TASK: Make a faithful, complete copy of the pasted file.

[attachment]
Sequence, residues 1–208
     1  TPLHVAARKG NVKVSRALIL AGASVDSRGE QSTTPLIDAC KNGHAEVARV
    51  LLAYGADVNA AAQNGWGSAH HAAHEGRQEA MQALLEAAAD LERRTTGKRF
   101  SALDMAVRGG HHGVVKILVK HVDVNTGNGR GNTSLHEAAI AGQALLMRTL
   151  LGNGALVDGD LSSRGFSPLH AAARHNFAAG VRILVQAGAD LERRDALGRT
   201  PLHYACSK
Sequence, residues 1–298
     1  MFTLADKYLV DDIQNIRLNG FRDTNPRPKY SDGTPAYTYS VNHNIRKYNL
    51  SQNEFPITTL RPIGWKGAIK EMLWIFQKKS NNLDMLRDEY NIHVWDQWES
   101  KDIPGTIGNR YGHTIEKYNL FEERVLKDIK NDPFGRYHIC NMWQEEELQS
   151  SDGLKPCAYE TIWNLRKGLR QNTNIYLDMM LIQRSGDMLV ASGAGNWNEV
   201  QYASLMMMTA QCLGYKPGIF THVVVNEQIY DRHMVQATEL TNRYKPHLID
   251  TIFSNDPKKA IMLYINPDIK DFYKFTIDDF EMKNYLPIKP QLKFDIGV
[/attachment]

Sequence, residues 1–208
     1  TPLHVAARKG NVKVSRALIL AGASVDSRGE QSTTPLIDAC KNGHAEVARV
    51  LLAYGADVNA AAQNGWGSAH HAAHEGRQEA MQALLEAAAD LERRTTGKRF
   101  SALDMAVRGG HHGVVKILVK HVDVNTGNGR GNTSLHEAAI AGQALLMRTL
   151  LGNGALVDGD LSSRGFSPLH AAARHNFAAG VRILVQAGAD LERRDALGRT
   201  PLHYACSK
Sequence, residues 1–298
     1  MFTLADKYLV DDIQNIRLNG FRDTNPRPKY SDGTPAYTYS VNHNIRKYNL
    51  SQNEFPITTL RPIGWKGAIK EMLWIFQKKS NNLDMLRDEY NIHVWDQWES
   101  KDIPGTIGNR YGHTIEKYNL FEERVLKDIK NDPFGRYHIC NMWQEEELQS
   151  SDGLKPCAYE TIWNLRKGLR QNTNIYLDMM LIQRSGDMLV ASGAGNWNEV
   201  QYASLMMMTA QCLGYKPGIF THVVVNEQIY DRHMVQATEL TNRYKPHLID
   251  TIFSNDPKKA IMLYINPDIK DFYKFTIDDF EMKNYLPIKP QLKFDIGV